DC and its fans were right to herald Rucka’s return to Wonder Woman as perhaps Rebirth’s greatest creative coup: he and Sharp are currently turning out what may well be the publisher’s best series at the moment. I can’t wait to take the trip back to Year One in the series’ next volume, and to see how Wonder Woman’s even-numbered issues complement the story told in The Lies. And I look forward to Sharp’s return in the upcoming third volume as well, in which his vivid artwork and Rucka’s clear-eyed writing are sure to illuminate the path on Wonder Woman’s epic search for truth.

Monday, May 29, 2017

Review: Spidey, Vol. 1: First Day

Review Spidey Volume One First Day Robbie Thompson Nick Bradshaw Spider-Man Peter Parker Marvel Comics cover trade paperback tpb comic book
Writer: Robbie Thompson
Artists: Nick Bradshaw, André Lima Araújo
Collects: Spidey #1-6 (2016)
Published: Marvel, 2016; $17.99

When Spidey was first announced in 2015, it was pitched as “an all-new ongoing series of done-in-one, in-continuity tales set during Peter’s teenage years.” I was excited when the news broke. It had been a long time since a series like Untold Tales of Spider-Man had focused on the early years of the main-Marvel-universe Peter Parker; in fact, it had been a long time since Marvel published a really good creator-driven Spider-Man series not immediately tied to present-day continuity in general. What I expected of Spidey, based on the initial press, was a continuity-lite version of Untold Tales or maybe even something in line with the better issues of Marvel Adventures Spider-Man: a series with recognizably classic versions of the characters we’re familiar with, but without too much historical baggage. Instead, now having read Spidey, I find myself disappointed with a series that deviates significantly from what was promised and, on top of that, seems unable to decide exactly what kind of comic it wants to be.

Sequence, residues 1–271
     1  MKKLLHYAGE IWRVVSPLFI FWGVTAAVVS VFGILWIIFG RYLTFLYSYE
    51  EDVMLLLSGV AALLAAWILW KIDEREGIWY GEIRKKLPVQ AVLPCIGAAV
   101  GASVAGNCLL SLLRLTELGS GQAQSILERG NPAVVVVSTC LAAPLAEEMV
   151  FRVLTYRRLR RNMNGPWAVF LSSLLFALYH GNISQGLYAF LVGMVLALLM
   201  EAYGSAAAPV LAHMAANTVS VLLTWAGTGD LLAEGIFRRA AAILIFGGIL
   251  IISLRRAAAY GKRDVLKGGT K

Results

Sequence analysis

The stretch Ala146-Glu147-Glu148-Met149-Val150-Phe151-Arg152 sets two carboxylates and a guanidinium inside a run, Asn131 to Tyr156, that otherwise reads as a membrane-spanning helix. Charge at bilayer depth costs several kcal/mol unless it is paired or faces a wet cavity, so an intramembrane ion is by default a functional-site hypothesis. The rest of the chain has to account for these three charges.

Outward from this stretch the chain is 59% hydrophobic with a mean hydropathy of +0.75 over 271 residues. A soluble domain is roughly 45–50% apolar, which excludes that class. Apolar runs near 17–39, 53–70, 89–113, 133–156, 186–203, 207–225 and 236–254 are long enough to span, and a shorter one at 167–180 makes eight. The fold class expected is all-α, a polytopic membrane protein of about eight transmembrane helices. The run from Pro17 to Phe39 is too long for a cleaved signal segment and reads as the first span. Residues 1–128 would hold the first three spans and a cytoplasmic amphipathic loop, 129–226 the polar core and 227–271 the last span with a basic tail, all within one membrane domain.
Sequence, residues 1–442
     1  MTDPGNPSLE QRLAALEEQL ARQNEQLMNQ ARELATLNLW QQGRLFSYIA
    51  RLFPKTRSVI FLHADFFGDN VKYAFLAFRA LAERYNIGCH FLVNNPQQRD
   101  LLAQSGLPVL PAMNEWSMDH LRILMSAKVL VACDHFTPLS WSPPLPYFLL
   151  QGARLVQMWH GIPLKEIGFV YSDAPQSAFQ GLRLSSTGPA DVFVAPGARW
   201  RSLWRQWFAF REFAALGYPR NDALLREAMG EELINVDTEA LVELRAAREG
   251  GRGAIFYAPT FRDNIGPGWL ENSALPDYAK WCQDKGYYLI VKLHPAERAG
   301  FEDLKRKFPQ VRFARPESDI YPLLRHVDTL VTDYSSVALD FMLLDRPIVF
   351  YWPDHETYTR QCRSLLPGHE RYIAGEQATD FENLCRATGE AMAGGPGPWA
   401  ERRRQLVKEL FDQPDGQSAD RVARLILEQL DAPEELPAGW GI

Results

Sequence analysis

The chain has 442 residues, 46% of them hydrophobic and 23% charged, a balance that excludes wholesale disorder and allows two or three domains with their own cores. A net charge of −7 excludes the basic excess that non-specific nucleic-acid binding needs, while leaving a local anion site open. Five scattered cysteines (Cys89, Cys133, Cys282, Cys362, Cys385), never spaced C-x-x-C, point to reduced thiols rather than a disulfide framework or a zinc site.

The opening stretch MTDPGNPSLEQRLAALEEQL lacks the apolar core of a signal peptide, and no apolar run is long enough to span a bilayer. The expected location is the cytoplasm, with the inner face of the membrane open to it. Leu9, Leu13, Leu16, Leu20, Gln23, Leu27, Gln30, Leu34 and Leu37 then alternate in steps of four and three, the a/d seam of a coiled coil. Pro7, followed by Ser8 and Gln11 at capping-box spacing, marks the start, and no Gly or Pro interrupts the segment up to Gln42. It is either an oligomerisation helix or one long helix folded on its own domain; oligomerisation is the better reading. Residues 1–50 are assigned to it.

First of all, Spidey is definitely not set in any kind of established continuity. In this book Peter Parker is being tutored by his high school crush Gwen Stacy (who doesn’t appear in Marvel’s main universe until Peter is in college). He fights a variety of Lee/Ditko-era villains that include the Sandman, the Lizard, and the Vulture, all of whom he’s seemingly met before in this universe; and yet, he hasn’t met J. Jonah Jameson (who first appeared in Amazing Spider-Man #1) or sold a single photograph of Spider-Man by the time the series begins. Instead, apparently, he’s some kind of Internet sensation: “My last Spidey selfie got six zillion likes on Insta,” he proclaims in the second issue. And while being divorced from main-universe continuity isn’t necessarily a deal-breaker, there are already plenty of high-school Spider-Men across a range of media: Brian Michael Bendis’s Ultimate Spider-Man in the comics, Sam Raimi’s and Marc Webb’s versions in the movies, and television shows like The Spectacular Spider-Man and Ultimate Spider-Man (the latter being completely unrelated to Bendis’s comic book, sadly). But what’s most important about that statement is that all of those comics, movies, and television shows are a lot better than Spidey.